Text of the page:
I laughed. He couldn’t have nailed it better. Beyond masculine or feminine, I wish we all could see gender in that way — as dynamic, spirited, vibrant, alive.
This past November, my father finally got accepted into a memory care home — and I finally got my funding approved for top surgery in Ontario. I booked my chest masculinization procedure for a couple of weeks after we planned to move him. But as things turned out, a Covid outbreak on his floor delayed his move-in date to the same day I was scheduled for surgery. I now joke that my father and I transitioned at the same time.
More than funny, his recognition of my gender has been healing. My father and I were never able to have a real conversation about my present gender journey — how I started taking testosterone shortly after he clocked me as a man; how I now identify as “queer/nonbinary” and “transmasculine”; how I still go by “Rachel” but sometimes use “Noah,” the name my parents were going to give me if I was a boy.
But I joke that he’s the most gender-affirming father I could have ever wished for. Perhaps the ability to forget assigned gender is one positive lesson we can learn from the havoc Alzheimer’s otherwise wreaks on people’s brains and families.
When he met my new girlfriend recently, he asked her: “How did you find him, her, it?”
In someone else’s mouth, “it” would sound disgustingly bigoted. And yet, coming from this tenderhearted 83-year-old with dementia who never learned the new rules of contemporary pronouns, I could only hear it one way — as his earnest attempt to lovingly (and playfully) recognize who I am.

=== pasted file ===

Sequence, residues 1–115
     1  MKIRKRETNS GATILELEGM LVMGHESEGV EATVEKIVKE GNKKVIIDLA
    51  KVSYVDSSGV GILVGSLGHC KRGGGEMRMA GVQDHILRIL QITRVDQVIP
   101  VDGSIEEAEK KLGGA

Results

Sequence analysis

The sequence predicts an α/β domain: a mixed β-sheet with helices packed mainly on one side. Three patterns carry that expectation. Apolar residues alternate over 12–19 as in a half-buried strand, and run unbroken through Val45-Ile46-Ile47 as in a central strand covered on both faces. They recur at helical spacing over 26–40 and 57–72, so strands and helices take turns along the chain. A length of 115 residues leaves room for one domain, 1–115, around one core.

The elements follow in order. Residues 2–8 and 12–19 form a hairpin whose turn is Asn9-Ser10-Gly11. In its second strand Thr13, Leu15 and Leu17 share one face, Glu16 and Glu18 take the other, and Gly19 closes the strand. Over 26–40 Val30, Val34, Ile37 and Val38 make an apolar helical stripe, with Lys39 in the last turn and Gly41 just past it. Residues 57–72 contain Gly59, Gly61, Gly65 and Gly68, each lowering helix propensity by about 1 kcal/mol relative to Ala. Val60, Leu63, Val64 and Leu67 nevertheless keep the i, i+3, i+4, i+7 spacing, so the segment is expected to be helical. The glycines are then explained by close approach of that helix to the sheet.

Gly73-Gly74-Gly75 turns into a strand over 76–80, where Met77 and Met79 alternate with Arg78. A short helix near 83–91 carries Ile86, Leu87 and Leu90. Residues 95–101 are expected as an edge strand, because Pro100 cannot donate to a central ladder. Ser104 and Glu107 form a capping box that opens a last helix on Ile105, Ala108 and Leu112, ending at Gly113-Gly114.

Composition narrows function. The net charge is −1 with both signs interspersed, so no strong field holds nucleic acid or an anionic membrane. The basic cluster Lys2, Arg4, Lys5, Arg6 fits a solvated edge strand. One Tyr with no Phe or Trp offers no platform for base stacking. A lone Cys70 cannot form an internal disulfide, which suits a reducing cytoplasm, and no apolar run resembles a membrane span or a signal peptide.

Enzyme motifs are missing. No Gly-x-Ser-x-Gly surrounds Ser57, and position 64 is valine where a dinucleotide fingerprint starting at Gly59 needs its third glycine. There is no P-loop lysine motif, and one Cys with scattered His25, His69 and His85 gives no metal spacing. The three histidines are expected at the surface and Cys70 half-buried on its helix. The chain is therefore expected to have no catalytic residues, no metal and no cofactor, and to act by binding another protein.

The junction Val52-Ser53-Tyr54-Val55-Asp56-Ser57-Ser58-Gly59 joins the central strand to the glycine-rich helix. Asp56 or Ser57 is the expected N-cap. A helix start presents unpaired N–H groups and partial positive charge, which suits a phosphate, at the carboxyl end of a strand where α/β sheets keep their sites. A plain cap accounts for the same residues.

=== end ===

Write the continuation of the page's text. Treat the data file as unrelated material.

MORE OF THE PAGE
Not long ago, my father introduced me to one of his caregivers like this: “This is my cousin, my nephew, my niece, my — everything.” He wasn’t sure anymore how we were related. More recently, he also told me he loves me “like a brother.” But he recognized me, or at least intuitively knew I was someone he was happy to see — his human “everything bagel.” He often called me “smiley face,” remarking on what a big smile I have. Mostly, his face lit up when he saw me: “It’s you!” he’d say.
The shock of death still comes even when you’ve been preparing for it. Weeks ago, on July 6, my father was transferred to palliative care, where he died three days later.
I have barely been able to process his death, but the heartbreaking irony of my father slowly losing his sense of self at precisely the same time that I was becoming more of who I am was not lost on me, even as it was unfolding.
I was extremely close with my mother, who died in July 2015 because of medically untreated rectal cancer (it’s a long story, one which I wrote a book about). In my teens, I began to develop more of her interests in art and culture, feminism, good food, hiking, and dark humor. But in many ways, I have always identified more with my father. We looked the most alike out of anyone in our family (although I had more hair), and I inherited his super logical brain and old Jewish man approach to life.
Watching him deteriorate and die, I have felt like an extension of me has been dying too. At his funeral, I spoke about him being the closest thing I ever had to a twin. But I take some comfort in knowing that I’ll carry a part of him forward in me. Among his many admirable traits — integrity, kindness, generosity, wit — he has been a role model for the kind of masculinity I want to embody: strong and soft, self-assured and self-deprecating, tough and affectionate, reliable and caring, nerdy and cute.
While visiting with him last month, I experienced a familiar anxiety: There will only be a bit more time until there’s no remembrance whatsoever. He smiled when he saw me — a spark of recognition! — but then looked confused and said, “Remind me, how do we know each other?”
“I’m Rachel,” I said, smiling back. “Your child.”
And however I continue to grow and identify, I always will be.